We know that AMD has pretty much demolished Intel in the HEDT markets. The Threadripper processors from the 2nd gen (released last year) perform better than Intel’s relatively new Skylake X Xeon processors. On top of it, AMD’s offering was far cheaper, which increased the performance per dollar metric. Intel had reservations with the line of testing that the reviewers do with these chips. According to Intel, these tests/ benchmarks do not simulate ‘real-life’ scenarios. Intel specifically went against the use of Cinebench or other rendering based benchmarks as these benchmarks do not capture the level of performance that these processors can deliver.
The claims mentioned above by Intel only seem believable if one is a die-hard Intel fan. There can be no other reason for excluding one of the widest used benchmarks from the testing regime. The biggest chipmaker has also made a bold claim regarding its upcoming Cascade Lake X series of processors. These processors offer 2x more performance per dollar compared to the 2nd gen Threadripper processors. These results are based on Intel’s ‘real-life’ based testing regime since they did not identify the benchmark they used for their results.
According to Wccftech, the new Core-X processors will also be based on the Cascade Lake X processors. These processors will be fabricated on the 14nm++ process node which ensures higher stable clock speeds also because Intel’s 14nm is a very mature node. The Core X processors will also have more PCIe lanes though there is no mention of the use of PCIe 4.0 interface. These processors have a release date of this fall so we can expect them as soon as next month.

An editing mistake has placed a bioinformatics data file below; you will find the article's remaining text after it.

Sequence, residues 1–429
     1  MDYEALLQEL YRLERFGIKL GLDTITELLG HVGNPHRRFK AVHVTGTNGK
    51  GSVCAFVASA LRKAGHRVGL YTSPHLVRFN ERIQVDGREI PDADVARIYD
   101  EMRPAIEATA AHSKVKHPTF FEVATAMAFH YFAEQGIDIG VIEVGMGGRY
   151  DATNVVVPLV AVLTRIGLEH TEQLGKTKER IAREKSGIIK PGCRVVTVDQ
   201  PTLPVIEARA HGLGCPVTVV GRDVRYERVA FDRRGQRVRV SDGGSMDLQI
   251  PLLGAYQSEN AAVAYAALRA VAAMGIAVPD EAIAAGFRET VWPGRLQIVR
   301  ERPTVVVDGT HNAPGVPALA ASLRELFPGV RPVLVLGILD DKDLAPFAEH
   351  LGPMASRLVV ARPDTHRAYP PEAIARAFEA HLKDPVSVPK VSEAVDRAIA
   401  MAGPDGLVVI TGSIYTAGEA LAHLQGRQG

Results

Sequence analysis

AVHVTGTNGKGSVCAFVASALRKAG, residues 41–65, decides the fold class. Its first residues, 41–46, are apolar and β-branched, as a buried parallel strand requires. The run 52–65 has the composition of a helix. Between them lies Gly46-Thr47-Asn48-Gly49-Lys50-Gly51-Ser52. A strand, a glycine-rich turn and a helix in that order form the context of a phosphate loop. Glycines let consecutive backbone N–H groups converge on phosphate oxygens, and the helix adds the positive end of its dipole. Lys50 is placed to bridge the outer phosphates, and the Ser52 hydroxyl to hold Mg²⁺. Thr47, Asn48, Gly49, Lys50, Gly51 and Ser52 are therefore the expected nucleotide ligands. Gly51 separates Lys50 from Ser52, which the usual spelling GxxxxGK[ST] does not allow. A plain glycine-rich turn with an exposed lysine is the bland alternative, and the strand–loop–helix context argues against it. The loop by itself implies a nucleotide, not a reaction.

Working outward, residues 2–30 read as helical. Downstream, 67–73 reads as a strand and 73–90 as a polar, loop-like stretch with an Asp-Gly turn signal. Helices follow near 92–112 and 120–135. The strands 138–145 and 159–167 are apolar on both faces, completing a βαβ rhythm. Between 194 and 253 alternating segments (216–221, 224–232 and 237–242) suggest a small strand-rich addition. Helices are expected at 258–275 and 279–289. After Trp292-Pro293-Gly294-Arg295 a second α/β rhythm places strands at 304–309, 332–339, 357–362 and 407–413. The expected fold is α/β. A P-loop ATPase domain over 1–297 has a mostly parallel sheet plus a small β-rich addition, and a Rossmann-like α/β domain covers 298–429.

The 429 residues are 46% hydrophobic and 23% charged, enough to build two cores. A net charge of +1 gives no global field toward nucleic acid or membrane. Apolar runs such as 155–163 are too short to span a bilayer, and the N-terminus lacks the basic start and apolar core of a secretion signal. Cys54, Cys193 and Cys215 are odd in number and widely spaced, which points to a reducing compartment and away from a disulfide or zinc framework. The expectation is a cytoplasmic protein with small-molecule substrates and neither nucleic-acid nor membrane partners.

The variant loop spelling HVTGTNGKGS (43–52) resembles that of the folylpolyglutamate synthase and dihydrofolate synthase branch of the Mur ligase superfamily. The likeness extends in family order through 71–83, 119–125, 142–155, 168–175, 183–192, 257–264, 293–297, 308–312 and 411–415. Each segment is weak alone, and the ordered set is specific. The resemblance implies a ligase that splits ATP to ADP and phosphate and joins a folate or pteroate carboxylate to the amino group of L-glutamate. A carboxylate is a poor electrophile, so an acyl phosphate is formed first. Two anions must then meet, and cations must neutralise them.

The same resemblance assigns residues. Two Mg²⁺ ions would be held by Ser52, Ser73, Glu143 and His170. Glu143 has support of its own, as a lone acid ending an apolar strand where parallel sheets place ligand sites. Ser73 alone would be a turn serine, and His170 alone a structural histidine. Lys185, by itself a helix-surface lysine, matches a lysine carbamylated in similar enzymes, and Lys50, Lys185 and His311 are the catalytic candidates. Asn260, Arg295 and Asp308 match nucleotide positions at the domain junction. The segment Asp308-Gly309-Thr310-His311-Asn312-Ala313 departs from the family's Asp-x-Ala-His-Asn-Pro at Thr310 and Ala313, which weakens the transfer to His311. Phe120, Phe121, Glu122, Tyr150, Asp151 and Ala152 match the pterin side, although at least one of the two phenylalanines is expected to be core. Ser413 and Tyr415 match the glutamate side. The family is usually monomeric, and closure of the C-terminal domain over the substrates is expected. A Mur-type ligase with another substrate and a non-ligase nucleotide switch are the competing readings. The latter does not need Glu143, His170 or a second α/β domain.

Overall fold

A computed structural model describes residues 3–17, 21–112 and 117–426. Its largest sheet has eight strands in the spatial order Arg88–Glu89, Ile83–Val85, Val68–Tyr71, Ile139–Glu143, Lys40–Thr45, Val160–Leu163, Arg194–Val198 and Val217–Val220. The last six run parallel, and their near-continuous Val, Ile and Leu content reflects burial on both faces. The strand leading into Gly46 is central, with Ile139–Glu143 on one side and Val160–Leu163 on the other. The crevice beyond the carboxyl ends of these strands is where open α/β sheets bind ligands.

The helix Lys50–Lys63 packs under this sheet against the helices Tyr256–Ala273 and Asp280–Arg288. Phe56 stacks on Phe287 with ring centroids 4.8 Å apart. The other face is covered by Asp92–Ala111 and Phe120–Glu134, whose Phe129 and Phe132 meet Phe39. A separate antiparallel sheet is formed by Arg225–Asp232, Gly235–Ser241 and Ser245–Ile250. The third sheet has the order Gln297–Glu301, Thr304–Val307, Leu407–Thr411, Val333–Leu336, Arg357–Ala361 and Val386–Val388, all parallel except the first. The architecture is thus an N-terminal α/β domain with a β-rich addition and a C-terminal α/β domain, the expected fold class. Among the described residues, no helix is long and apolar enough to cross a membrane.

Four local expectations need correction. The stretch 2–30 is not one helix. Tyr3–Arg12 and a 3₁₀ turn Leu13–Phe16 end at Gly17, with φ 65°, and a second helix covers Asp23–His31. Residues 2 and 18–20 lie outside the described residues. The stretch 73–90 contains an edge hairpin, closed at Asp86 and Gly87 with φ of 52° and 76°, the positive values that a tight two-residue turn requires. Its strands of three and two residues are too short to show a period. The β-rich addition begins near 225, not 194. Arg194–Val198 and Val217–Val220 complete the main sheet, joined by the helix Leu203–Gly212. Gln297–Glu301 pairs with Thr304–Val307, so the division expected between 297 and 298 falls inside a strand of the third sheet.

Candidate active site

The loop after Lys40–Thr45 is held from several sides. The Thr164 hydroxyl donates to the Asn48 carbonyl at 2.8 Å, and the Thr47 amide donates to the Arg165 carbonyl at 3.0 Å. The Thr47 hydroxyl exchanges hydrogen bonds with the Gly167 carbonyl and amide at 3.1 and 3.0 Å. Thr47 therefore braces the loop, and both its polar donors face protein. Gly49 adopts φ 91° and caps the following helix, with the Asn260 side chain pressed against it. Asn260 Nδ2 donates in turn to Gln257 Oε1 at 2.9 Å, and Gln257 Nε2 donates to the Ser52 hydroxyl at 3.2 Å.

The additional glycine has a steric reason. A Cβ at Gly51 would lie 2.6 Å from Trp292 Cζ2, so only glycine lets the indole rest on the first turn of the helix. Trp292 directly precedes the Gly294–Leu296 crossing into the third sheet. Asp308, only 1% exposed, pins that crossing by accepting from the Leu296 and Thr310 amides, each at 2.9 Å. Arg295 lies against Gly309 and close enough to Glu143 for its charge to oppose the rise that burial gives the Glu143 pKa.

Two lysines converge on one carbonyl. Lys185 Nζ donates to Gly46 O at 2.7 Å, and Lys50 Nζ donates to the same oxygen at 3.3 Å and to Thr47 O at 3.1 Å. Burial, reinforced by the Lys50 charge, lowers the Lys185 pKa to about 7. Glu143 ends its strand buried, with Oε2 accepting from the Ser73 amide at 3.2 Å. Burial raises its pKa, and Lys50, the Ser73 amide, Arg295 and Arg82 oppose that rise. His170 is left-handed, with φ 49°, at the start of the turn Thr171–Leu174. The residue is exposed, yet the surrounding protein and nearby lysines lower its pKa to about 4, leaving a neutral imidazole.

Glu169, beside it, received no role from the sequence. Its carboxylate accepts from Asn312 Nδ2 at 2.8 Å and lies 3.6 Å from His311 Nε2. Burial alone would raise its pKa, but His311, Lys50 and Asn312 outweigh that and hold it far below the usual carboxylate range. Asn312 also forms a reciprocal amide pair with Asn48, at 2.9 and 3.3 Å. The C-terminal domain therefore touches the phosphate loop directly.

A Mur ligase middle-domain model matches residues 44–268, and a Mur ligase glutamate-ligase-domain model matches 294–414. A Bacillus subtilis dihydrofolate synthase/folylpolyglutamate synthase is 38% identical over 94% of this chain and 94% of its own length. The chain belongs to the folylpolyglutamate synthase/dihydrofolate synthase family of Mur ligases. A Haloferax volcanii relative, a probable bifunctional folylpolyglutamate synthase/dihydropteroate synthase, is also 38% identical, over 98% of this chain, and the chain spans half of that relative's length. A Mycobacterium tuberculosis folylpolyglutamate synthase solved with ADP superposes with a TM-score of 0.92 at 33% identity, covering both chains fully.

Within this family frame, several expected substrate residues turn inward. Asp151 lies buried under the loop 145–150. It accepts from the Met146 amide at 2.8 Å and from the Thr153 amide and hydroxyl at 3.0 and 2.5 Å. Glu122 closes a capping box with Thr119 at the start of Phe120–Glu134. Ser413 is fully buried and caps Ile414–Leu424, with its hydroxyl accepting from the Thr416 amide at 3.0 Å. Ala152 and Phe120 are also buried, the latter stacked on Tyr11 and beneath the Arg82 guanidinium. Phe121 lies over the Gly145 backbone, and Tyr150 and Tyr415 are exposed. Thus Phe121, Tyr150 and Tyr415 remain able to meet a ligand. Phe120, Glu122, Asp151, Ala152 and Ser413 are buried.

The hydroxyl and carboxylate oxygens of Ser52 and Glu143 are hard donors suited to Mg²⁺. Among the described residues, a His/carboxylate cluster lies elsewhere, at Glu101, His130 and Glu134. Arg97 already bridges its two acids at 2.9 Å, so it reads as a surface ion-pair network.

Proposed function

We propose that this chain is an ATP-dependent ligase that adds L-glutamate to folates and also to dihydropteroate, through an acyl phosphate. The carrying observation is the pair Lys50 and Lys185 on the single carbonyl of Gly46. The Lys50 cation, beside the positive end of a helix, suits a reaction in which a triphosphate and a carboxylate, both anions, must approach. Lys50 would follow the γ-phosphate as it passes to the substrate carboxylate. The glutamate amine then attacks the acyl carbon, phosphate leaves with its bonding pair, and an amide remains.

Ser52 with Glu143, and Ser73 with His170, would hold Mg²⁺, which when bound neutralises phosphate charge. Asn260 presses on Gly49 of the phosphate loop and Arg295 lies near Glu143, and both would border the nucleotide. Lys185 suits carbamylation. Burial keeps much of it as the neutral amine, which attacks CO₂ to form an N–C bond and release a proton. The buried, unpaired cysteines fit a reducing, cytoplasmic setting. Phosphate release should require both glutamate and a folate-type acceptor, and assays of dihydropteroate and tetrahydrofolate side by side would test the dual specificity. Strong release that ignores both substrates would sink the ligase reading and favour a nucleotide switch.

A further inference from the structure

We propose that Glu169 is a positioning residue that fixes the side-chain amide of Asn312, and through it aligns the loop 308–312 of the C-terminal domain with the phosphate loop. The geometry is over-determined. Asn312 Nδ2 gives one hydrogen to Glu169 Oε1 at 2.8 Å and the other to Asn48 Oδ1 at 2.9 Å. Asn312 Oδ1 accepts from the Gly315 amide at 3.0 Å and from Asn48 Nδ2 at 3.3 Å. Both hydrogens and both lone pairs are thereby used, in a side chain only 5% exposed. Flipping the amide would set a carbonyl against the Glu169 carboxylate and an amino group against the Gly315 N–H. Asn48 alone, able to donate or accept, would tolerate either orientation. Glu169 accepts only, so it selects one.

Intel compared these new processors with its existant Skylake X and 2nd Gen Ryzen Threadripper processors. They used the performance of Skylake X processors as the base and compared the Threadripper and the Cascade lake X processors. The Threadripper CPUs were roughly 1.3x better than the Skylake processors while the Cascade lake X CPUs were 1.74-2.09x better than the base processors. Intel could only achieve these numbers if they follow the target pricing strategy against their competitors. So we can expect rigorous price changes(read: decreases) of the Cascade X CPUs.
Lastly, to ease the availability of these processors, Intel is making sure that these processors work with the updated LGA 2066 sockets. They are also planning to shift the Xeon W processors to the new LGA 3647 platform. All of these policies do point towards the right direction from Intel, but we can only verify the claims of Intel when these devices roll out in the near future.